If you've been to a yoga class, you probably enjoyed a guided relaxation at the end. And it is quite likely that the yoga teacher asked you to focus your awareness on different areas of the body to help you ease into a state of relaxation. This technique, called 'body scanning' or 'shifting awareness', is part of a larger technique called Yoga Nidra.
Yoga Nidra for relaxation
Yoga Nidra could be described as a form of guided relaxation. The practice typically last 30-40 minutes and often brings immediate benefits such as a delightful sense of well-being, peace and contentment. Although the translation of Yoga Nidra is yogic sleep, it is not at all like being asleep. Rather, Yoga Nidra leads to a state somewhere in-between alertness and sleep – a bit like daydreaming or being lost in thought. It is a state of deep physical relaxation while the mind stays active, able to think and observe.
Yoga Nidra for better sleep
As well as a technique to relax, Yoga Nidra can facilitate sleep and help overcome insomnia. Ever woken up in the middle of the night with your mind and your heart racing, and found it difficult to drop back to sleep? Practicing yoga nidra can help you settle, calm the mind and nerveous system, and eventually reach that that comfortable drowsy stage where you fall asleep again easily.
Yoga Nidra as meditation
Yoga Nidra can also be used as a form of meditation. One of the stages in the Yoga Nidra process is to practice becoming a kind and detached observer of your experience, much as you would during meditating. Meditation is an integral part of yogic practice, typically practiced in a seated position. Yoga Nidra offers a more comfortable and restorative form of meditation, thus opening meditation up to people with physical restrictions and to those who have a need for deep relaxation and prefer to lie down.
What should I expect?
People often ask me how they would know that the have entered the state of Yoga Nidra. As the experience differs from person to person, this question is not easy to answer. But I venture to say that you will 'know': You will come to a point when you suddenly realize that you haven't thought about anything in particular for a while, that you lost track of time, that you were completely absorbed in just being.
To get the most of Yoga Nidra, it is best not to expect anything. Without preconceptions, simply follow the instructions given by your yoga teacher. When the conditions are right, Yoga Nidra happens automatically, just as sleep and happiness happen automatically when the conditions are right. It cannot be forced by will power. During a Yoga Nidra session, you will typically drift in and out of different levels of relaxation, sometimes the mind gets distracted, sometimes you may wish to adjust your body position. All this is part of the natural flow of the practice.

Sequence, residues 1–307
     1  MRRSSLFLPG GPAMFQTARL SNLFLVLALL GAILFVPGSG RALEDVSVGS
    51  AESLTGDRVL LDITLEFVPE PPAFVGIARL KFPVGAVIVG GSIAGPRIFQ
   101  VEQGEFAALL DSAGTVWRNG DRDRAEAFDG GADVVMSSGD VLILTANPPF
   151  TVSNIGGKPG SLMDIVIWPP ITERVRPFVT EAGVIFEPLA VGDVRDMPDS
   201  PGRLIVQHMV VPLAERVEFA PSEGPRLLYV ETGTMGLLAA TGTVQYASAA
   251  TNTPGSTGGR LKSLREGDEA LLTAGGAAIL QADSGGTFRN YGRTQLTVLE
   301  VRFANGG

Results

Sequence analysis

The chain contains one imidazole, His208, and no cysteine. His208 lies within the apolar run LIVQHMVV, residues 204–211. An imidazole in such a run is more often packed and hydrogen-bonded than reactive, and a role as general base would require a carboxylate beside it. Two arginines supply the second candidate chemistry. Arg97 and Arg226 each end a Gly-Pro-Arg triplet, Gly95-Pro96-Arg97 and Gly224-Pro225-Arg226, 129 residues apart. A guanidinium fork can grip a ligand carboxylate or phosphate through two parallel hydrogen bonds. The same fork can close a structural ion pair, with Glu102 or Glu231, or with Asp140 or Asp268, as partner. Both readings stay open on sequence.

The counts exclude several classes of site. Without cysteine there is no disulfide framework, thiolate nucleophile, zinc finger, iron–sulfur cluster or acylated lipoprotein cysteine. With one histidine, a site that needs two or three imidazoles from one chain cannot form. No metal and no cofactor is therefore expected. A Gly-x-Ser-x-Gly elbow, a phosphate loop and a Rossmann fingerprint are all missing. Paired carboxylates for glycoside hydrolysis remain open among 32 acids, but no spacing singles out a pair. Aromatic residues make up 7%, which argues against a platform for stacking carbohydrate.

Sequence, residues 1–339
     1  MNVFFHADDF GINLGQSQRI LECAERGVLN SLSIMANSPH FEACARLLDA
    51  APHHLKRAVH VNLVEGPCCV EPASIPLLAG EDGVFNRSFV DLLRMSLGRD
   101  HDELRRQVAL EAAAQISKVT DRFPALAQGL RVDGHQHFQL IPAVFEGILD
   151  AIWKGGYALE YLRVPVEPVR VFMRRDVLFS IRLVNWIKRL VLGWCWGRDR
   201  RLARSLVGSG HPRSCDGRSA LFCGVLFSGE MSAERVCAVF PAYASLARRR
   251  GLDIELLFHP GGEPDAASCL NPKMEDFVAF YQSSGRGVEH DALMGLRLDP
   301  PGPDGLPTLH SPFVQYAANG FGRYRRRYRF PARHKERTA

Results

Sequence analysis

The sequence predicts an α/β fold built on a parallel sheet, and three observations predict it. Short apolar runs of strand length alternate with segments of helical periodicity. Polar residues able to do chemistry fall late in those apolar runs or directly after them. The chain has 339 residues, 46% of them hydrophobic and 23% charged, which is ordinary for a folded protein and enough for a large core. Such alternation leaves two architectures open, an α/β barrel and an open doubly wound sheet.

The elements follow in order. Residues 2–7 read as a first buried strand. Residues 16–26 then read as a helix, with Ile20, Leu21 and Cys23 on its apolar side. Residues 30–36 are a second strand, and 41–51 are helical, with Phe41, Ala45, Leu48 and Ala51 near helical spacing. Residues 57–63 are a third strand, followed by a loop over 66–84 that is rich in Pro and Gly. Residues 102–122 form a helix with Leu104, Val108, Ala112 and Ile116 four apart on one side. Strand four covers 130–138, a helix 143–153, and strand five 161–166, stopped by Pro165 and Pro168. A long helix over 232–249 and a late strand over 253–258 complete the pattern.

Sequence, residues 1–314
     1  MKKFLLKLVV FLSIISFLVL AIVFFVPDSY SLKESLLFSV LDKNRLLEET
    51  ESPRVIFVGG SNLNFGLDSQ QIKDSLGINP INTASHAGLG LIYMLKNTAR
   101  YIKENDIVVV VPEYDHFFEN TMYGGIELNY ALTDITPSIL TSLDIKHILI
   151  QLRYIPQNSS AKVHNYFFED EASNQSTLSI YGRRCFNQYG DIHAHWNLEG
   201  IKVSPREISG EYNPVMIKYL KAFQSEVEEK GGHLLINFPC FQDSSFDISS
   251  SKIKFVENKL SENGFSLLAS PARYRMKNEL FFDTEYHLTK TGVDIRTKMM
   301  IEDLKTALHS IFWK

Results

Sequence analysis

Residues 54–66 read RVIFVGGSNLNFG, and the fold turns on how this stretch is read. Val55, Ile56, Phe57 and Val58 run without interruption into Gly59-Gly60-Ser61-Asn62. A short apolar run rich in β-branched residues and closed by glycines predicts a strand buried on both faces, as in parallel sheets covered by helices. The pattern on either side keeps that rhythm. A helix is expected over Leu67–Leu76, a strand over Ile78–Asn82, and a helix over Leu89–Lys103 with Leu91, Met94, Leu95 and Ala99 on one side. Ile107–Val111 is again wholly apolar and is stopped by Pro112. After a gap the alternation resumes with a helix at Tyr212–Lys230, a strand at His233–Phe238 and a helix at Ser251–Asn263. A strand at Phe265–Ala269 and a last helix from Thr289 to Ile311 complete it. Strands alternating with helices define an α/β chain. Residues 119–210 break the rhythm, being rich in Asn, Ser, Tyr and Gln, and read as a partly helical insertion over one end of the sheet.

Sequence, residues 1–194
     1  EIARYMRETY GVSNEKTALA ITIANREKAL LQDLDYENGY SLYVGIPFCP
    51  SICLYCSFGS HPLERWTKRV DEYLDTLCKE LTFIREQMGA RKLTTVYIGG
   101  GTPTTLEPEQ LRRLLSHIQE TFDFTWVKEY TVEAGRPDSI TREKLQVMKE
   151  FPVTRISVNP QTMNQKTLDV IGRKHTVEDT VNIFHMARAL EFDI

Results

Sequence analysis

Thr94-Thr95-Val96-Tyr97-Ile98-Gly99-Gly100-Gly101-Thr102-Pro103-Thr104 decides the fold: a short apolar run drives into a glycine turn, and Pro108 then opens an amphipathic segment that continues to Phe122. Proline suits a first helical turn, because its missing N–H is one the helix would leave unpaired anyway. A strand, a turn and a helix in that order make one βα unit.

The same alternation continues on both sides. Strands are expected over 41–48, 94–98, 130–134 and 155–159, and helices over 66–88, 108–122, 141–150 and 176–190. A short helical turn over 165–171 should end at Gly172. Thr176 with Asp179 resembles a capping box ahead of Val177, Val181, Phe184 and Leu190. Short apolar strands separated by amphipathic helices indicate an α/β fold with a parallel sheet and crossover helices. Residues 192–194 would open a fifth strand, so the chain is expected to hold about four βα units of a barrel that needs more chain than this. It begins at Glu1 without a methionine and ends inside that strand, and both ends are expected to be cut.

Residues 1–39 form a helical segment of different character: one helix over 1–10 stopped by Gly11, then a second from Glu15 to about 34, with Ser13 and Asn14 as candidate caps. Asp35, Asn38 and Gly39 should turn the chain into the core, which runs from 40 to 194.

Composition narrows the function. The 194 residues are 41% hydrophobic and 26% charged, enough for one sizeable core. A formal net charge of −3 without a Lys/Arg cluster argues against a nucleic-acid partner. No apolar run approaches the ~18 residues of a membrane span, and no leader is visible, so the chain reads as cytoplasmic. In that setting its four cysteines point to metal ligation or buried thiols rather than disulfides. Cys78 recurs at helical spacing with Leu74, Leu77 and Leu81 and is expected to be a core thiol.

What if I fall asleep?
Well, if you you use Yoga Nidra to fall asleep, that's your goal achieved! If you don't want to asleep because you just want to relax for a little while during the day for example, there is a simple solution: Set an alarm. Setting an alarm as two advantages. Firstly, you will wake up in time, ready to do whatever is next on your agenda. And secondly, it may help you relax because you know that everything is under control and you won't be late for anything even if you fell asleep.
How can I learn Yoga Nidra?
There are plenty of free Yoga Nidra recordings available online, however, I think it is best to try Yoga Nidra under the guidance of a yoga teacher, so that you have the option to share your experience and ask questions afterwards.
My next Yoga Nidra Workshop takes place online via Zoom on Saturday, 26 June. You can book your place here.
My Yoga Nidra workshops are a deeply nurturing experience. Expect to float out feeeling restored, relaxed and rejuvenated. After a sequence of gentle stress releasing Hatha and Yin Yoga poses, you will have the opportunity to rest and turn your awareness inwards. Even if your life feels somehow crazy at the moment, here you can create a space of inner peace and calm to help you to nourish body, mind and heart, turn on your innate relaxation response, and regain your inner equilibrium. No previous yoga experience is needed.